Still, Mantovani thinks that Italy did not work on preparedness fast enough and did not take note of the data when it should and could have done. “There was no respect for the data and the simple message, ‘Our actions are the virus’ did not get through.” He blames the poor and misleading communication of some authorities, the media, and some academics for confusing the public and health officials.

What worries him is that with renewed restrictions and lockdowns, the care of other pathologies are at risk again. In the first wave lockdown, patients had to miss 1.5 million examinations for non-covid conditions, including about 50% of all oncological screenings.

Test and trace

Nino Cartabellotta, founder of the Gimbe Foundation, a non-profit organisation working on healthcare issues, flagged the increase in infections at the end of the summer with regular press releases. Cartabellotta claims that the country needed courageous and prompt action much earlier. From having only 1400 cases a week, Italy saw the numbers rise and then increase exponentially, and now it is in trouble. “Over [the] summer everybody relaxed and then we witnessed the failure to upgrade public transport and from the health point of view, the Achilles’ heel was the testing and tracing system,” he says.

Italy’s first outbreak in the Veneto region was confined to a small village near Padua with 3000 inhabitants. Andrea Crisanti, a virologist at Italy’s Padua University and Imperial College London, led a study of this area in March, testing almost everyone in the quarantined village.4 The virus was well contained in Veneto and 40% of cases showed no symptoms—one of the first suggestions that asymptomatic cases are important in the spread of the pandemic.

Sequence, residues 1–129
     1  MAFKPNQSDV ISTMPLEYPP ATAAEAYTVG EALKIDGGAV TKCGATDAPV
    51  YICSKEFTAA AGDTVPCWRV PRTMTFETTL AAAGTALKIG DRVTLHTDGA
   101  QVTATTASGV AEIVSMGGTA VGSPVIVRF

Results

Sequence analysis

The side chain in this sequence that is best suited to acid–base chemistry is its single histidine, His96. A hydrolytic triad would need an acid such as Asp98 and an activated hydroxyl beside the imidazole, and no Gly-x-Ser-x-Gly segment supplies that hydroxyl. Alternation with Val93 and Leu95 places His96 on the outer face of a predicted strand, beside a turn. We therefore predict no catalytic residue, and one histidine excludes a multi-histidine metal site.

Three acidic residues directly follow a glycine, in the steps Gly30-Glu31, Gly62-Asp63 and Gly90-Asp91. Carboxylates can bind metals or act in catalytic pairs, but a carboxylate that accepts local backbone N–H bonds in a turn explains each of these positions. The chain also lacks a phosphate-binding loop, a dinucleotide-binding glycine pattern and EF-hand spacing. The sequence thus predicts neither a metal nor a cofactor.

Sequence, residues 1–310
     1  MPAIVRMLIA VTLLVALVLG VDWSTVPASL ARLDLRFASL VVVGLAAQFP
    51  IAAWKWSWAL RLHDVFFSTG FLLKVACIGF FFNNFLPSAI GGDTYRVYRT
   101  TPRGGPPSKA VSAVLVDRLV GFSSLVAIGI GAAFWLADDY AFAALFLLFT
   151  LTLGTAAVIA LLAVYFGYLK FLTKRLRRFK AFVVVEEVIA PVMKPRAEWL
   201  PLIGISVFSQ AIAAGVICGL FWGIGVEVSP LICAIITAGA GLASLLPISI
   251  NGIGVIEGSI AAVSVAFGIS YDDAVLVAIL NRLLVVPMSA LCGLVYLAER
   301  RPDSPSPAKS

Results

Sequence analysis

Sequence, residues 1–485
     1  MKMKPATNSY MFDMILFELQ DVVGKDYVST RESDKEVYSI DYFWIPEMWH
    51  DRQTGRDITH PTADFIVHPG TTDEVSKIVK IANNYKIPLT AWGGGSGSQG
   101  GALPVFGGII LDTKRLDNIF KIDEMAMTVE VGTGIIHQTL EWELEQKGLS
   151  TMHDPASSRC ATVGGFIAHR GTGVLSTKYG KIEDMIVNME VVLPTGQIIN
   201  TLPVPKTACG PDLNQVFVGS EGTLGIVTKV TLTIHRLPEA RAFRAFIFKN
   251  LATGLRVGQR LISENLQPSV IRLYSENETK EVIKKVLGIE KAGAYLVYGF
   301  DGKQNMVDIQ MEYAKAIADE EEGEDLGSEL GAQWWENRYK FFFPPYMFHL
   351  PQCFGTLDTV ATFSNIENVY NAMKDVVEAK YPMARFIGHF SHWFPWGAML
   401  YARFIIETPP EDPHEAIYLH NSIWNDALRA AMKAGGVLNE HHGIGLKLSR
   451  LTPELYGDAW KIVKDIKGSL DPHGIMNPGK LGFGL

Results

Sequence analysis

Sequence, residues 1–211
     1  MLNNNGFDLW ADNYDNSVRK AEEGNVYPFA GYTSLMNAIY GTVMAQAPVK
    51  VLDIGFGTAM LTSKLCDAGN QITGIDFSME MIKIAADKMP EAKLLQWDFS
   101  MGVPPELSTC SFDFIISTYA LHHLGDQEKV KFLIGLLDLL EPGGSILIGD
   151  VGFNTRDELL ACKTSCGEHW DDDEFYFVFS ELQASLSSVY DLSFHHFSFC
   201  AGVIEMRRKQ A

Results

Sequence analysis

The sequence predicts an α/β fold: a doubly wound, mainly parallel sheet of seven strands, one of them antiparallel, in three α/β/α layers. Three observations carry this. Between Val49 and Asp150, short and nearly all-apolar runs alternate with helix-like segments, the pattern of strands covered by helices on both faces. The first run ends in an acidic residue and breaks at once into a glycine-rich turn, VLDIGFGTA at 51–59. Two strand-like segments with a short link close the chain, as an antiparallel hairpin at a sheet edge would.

After quarantine, another round of mass testing in the village showed that the infection dropped from nearly 3% to 0.4%. Crisanti’s team had produced evidence that mass testing combined with contact tracing, case isolation, and community lockdowns can stop local outbreaks swiftly.

At the end of August, he proposed to the Ministry of Health a national surveillance plan with at least 300 000 to 400 000 swab tests a day, expecting the cost to be an initial €40m. “At the time there were very few positive cases. Now, it is no longer possible to isolate the small outbreaks and Italy is back to the starting point,” he says, adding that the Italian contact tracing system “crumbled” at the beginning of October.

Antonio Russo, an epidemiologist at the Agenzia di Tutela della Salute, which manages the testing and tracing in Milan and its province, told The BMJ: “We have been testing 10 000 people per day (both with and without symptoms) for 3.5 million inhabitants. However, now the volume is too much and we are no longer able to carry out epidemiological interviews in a timely way and face a delay of two weeks with the response.”

In the first week of October, the Lazio region asked its GPs and paediatricians to help administer rapid swab tests for covid-19, a task not in their job descriptions. In a public statement to the media, Italy’s biggest GP union, the Federation of General Practitioners, said that its members cannot offer such a service without precise rules and guarantees around personal protective equipment for them and their patients.

Some doctor associations continue to protest, but by 28 October, the federation had signed an agreement with the Ministry of Health to offer the swab tests nationally, with the health minister announcing €30bn to fund the initiative. The question is, will it work and will it work fast enough to counter the virus’s resurgence?


  • Commissioning and peer review: Commissioned; not peer reviewed.

  • Competing interests: I have read and understood the BMJ policy on declaration of interests and have no relevant interests to declare.

This article is made freely available for use in accordance with BMJ's website terms and conditions for the duration of the covid-19 pandemic or until otherwise determined by BMJ. You may use, download and print the article for any lawful, non-commercial purpose (including text and data mining) provided that all copyright notices and trade marks are retained.


View Abstract